Summary of the Campaign
Craftsman, the iconic 80-year tool brand, wanted to increase their social media fan base, and at the same time, attract a new, younger generation of followers.

Our strategy and execution was based on 1, simple truth: That hardcore tool guys love to share their tool knowledge with others. So we created the first, live interactive reality show where viewers could actually help us build a handyman from scratch: SCREW*D.

Over the course of 3 months, we dropped the unhandiest guy we could find in the middle of nowhere alone. With just a set of Craftsman tools. And had him fend for himself.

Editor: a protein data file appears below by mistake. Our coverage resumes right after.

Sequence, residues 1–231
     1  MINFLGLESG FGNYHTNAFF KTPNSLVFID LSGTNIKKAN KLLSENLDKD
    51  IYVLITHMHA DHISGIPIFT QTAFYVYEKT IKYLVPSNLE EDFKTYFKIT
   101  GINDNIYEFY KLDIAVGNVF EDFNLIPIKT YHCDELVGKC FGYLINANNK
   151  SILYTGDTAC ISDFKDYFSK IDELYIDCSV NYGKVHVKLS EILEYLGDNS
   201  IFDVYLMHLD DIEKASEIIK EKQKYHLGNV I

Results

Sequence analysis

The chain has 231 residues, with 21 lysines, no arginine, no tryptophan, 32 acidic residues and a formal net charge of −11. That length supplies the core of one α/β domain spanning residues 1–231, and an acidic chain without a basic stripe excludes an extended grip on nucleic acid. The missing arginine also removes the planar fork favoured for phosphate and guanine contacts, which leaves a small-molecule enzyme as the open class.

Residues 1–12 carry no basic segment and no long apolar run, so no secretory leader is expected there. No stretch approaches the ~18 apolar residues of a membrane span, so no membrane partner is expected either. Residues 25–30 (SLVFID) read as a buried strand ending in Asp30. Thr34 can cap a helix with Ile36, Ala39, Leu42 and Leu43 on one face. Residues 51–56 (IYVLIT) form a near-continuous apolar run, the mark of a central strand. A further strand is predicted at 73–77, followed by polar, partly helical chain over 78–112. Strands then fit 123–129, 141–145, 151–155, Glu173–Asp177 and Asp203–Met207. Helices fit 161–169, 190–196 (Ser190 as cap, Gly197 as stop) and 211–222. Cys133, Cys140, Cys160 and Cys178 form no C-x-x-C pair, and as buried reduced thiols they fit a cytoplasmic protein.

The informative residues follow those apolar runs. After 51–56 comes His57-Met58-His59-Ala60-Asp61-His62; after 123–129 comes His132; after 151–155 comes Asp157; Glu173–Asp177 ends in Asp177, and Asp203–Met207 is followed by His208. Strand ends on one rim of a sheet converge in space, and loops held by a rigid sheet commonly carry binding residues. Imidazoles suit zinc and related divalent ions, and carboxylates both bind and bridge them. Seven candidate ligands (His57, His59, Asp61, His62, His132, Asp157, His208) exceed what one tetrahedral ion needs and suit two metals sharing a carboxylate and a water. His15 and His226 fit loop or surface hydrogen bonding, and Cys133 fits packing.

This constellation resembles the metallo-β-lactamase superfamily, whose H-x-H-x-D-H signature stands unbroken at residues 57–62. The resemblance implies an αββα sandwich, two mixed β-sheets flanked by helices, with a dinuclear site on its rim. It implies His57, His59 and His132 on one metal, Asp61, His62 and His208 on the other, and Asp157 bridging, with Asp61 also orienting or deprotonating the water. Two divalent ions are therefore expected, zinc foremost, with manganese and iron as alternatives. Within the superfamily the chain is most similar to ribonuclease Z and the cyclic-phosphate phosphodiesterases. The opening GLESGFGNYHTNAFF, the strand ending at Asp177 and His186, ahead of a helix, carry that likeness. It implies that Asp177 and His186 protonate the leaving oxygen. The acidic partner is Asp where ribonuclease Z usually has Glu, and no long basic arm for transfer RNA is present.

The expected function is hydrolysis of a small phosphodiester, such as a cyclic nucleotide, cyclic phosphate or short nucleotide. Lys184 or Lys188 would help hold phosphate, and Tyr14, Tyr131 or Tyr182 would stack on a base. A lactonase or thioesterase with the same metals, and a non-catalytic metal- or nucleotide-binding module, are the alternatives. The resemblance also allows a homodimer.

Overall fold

The only way he could survive was to rely on the advice coming in from the online community of Craftsman fans and DIY’ers who gave their advice via Twitter, Facebook, and Livestream.

To help us attract viewers who knew what they were doing with tools, we reached out to bloggers with big social media followings.

We then dropped our hero, Alan, in 3 remote locations: the Louisiana Bayou, the Mojave Desert and in the Sierra Nevada mountains.

Throughout each challenge, we also posted clues and hints on Craftsman’s Facebook page and on Blueprints and instructions Alan desperately needed were given to viewers to help them not just tell Alan what to do, but to help them guide the story where it needed to go next.

As a result, in just over 3 months, Craftsman’s Facebook fans more than doubled to over 700,000.

The Situation